Wednesday, November 28, 2018

Changes for 2019 CFR Organized Play

2018 OP Champ Getting His Trophy
But before we get to the small change for the 3rd season of Organized Play, a quick note wrapping up the 2nd season.

I have the good fortune to live not far from the 2018 Organized Play Champion Michael Polsen and saw him at the Congress of Gamers Fall session.

Before the CFR race, I presented him with the trophy.  Michael is a great guy, huge supporter of CFR, and I couldn't be happier that he won last season.

I think he was pleased with the award and I thought I heard him say he could retire happy now.  Of course, he then proceeded to win the CFR race so I doubt he really is retiring.

2019 Change

The only change I am making for the 2019 Organized Play season is that I will now count a driver's top 5 races towards their ranking points.  For the first two seasons I counted only the top 4 races.

Quick reminder of how OP scoring works
Each driver gets a score for each race based on their finish and how much better or worse than average the field was.  Fields are rated based on the (now) 5 best (unadjusted) finishes for each driver in the field.  Similarly, each drivers gets points for each season, series, or tournament they enter based on their finish in the tournament and the quality and quantity of the competition and the number of races involved.  The top 5 race results and top 2 tournament results are added to together to get your score.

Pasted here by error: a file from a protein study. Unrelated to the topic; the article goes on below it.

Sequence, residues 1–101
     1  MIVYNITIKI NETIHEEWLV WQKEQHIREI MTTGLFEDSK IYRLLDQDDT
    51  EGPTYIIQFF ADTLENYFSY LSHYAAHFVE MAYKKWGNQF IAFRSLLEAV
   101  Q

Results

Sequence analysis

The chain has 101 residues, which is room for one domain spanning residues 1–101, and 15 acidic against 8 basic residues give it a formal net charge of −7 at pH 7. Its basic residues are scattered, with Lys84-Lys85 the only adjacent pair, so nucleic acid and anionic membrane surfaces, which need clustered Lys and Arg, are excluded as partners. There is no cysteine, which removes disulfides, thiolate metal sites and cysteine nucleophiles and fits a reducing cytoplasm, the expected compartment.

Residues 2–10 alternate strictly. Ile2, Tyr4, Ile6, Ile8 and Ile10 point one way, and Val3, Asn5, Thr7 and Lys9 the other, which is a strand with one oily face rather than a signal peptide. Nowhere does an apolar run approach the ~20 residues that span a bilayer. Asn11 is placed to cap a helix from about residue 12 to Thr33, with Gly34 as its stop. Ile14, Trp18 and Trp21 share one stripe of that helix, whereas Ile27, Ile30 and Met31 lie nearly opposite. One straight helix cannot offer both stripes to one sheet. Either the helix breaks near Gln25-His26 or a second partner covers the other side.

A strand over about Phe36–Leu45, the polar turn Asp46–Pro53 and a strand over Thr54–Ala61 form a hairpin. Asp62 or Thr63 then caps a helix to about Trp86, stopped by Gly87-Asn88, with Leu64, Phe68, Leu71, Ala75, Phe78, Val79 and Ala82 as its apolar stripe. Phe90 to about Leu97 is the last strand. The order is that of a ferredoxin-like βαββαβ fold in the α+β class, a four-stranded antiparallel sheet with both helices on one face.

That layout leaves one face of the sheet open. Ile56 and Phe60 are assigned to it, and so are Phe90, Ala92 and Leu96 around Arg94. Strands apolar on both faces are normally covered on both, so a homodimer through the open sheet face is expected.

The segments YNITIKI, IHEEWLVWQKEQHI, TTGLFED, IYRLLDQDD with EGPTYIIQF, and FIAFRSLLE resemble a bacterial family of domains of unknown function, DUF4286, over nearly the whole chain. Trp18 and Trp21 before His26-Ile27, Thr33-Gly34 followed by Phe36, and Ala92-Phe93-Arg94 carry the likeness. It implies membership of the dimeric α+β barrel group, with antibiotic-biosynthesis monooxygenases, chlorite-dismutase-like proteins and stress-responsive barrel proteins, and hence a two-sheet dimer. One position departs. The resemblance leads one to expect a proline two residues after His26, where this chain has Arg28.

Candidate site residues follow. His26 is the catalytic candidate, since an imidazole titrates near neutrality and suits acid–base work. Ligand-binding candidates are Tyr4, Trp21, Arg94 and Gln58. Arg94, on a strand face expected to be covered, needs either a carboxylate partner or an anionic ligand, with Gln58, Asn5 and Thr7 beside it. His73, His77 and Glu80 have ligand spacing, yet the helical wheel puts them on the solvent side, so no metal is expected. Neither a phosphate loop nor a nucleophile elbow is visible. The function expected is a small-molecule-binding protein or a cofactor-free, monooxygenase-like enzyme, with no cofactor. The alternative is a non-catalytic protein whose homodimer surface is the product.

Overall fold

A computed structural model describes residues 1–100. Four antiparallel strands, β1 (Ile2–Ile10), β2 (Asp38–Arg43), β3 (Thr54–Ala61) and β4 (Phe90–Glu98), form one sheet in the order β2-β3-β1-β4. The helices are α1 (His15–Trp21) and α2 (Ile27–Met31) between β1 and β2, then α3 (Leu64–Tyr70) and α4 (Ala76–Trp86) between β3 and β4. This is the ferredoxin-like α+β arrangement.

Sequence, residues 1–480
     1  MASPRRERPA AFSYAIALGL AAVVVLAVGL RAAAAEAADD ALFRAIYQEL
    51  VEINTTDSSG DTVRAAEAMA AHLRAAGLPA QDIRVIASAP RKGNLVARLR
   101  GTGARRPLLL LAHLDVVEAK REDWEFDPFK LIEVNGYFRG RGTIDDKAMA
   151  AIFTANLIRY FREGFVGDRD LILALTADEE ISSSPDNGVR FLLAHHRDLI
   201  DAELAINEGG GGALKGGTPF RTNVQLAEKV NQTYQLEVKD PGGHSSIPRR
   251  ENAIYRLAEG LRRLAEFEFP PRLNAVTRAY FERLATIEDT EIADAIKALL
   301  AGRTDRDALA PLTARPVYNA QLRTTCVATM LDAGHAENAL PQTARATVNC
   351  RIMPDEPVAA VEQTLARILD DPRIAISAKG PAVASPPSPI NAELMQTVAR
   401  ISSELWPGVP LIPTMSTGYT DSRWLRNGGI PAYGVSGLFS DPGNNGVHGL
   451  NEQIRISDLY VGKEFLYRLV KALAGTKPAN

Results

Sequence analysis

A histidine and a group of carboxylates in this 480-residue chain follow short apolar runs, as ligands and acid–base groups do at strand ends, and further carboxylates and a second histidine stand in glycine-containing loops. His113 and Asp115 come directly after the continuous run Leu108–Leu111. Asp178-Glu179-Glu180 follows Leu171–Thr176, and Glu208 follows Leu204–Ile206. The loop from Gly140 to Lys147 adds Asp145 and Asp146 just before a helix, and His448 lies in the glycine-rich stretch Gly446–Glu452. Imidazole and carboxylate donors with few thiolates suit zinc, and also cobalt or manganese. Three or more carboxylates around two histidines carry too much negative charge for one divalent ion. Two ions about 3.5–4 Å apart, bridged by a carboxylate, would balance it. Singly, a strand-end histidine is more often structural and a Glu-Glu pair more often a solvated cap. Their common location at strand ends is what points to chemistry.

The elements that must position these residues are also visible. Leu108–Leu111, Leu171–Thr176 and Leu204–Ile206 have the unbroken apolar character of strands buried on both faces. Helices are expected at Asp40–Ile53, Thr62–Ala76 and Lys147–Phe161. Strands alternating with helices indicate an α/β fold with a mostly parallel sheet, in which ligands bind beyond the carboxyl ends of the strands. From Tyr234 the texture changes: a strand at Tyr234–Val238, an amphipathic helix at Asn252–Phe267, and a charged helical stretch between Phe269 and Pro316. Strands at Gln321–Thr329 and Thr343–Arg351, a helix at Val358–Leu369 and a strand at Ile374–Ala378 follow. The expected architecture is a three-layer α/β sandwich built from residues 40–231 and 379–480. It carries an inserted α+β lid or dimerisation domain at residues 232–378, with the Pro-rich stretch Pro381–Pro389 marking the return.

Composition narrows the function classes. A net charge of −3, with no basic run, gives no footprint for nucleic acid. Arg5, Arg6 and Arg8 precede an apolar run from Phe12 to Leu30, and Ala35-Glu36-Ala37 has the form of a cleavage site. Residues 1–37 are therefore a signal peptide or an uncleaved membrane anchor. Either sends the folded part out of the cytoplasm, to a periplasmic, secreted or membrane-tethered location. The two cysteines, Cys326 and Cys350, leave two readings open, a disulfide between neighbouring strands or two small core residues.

Over the last two years, to contend for the OP Championship you likely needed to score points in two events and race in four races.  Really, you needed to do well in two events and four race -- probably really well -- but you get the idea.

I set those numbers based on the idea that I wanted a decent number of people to be able to contend for the title, not just people who could do 10+ races a year.  But with more people participating and twice as many racing opportunities occurring I looked over the numbers a little to see if 4 races and 2 tournaments still seemed right.

Below is a table showing how many people participated in at least a certain number of races and tournaments over the last two seasons.

In 2017, 37 different drivers participated in at least 2 tournaments compared to 44 last season.  Not a huge increase, and only 9 drivers participated in 3 or more tournaments.

In 2017, 57 different drivers participated in at least 4 races compared to 73 last season.  A bigger jump.  More importantly, I think 62 drivers participated in at least 5 races last season -- still more than the 57 who participated in 4 or more races in 2017.

What This Means
This will likely emphasize race results over tournament results a bit more than the past.  Although both will likely remain important.

All in all, I do not think it will change who is ranked well.

What About The Future?
In theory, I would like to take into account as many races as possible in order to accurately calculate that year's best driver.  But I also do not want to award that trophy to someone just because they showed up at a lot of races.  So while I could see these numbers rise again I will try to be careful not to over do it.

I also expect that the number of races and overall participation will plateau at some point.

Thursday, November 8, 2018

Forced Passing and Championship Formula Racing

Last week I introduced a possible Skill replacement called Balance and a new way to bid for pole.  This week, lets talk Forced Passing.

Forced Passing

I find forced passing to be a very good thing, especially with larger fields.  It gives cars behind an option for when the road is just too crowded.


It can sometimes be just too hard to make that pass.


Again a two-parter and again involving the previously discussed Balance proposal.

The specific rule change is that the attacker in a pass can now use the racing line when passing.

The other change involves some of the forced passing die roll results: you can't lose wear from a random die-roll result.  You can lose Balance instead, but losing wear late in a race is often just a spin in disguise.